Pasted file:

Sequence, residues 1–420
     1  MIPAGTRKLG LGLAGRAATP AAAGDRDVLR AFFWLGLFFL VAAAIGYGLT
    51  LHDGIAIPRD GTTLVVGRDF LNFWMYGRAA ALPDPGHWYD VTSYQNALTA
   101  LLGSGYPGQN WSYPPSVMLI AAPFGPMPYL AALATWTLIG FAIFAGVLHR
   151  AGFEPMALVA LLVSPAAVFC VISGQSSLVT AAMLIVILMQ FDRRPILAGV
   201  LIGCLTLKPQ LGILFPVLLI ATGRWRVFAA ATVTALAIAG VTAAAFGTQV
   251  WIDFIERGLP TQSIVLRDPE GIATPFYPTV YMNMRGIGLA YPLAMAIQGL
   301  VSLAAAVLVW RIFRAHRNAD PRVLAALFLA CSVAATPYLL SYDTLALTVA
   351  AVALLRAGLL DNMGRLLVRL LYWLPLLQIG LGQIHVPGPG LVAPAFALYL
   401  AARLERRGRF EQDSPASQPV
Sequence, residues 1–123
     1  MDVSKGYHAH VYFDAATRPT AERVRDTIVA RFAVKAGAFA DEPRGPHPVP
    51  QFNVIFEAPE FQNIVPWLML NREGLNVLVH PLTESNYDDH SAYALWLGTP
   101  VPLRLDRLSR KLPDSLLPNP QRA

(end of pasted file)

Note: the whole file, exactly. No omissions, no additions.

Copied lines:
Sequence, residues 1–420
     1  MIPAGTRKLG LGLAGRAATP AAAGDRDVLR AFFWLGLFFL VAAAIGYGLT
    51  LHDGIAIPRD GTTLVVGRDF LNFWMYGRAA ALPDPGHWYD VTSYQNALTA
   101  LLGSGYPGQN WSYPPSVMLI AAPFGPMPYL AALATWTLIG FAIFAGVLHR
   151  AGFEPMALVA LLVSPAAVFC VISGQSSLVT AAMLIVILMQ FDRRPILAGV
   201  LIGCLTLKPQ LGILFPVLLI ATGRWRVFAA ATVTALAIAG VTAAAFGTQV
   251  WIDFIERGLP TQSIVLRDPE GIATPFYPTV YMNMRGIGLA YPLAMAIQGL
   301  VSLAAAVLVW RIFRAHRNAD PRVLAALFLA CSVAATPYLL SYDTLALTVA
   351  AVALLRAGLL DNMGRLLVRL LYWLPLLQIG LGQIHVPGPG LVAPAFALYL
   401  AARLERRGRF EQDSPASQPV
Sequence, residues 1–123
     1  MDVSKGYHAH VYFDAATRPT AERVRDTIVA RFAVKAGAFA DEPRGPHPVP
    51  QFNVIFEAPE FQNIVPWLML NREGLNVLVH PLTESNYDDH SAYALWLGTP
   101  VPLRLDRLSR KLPDSLLPNP QRA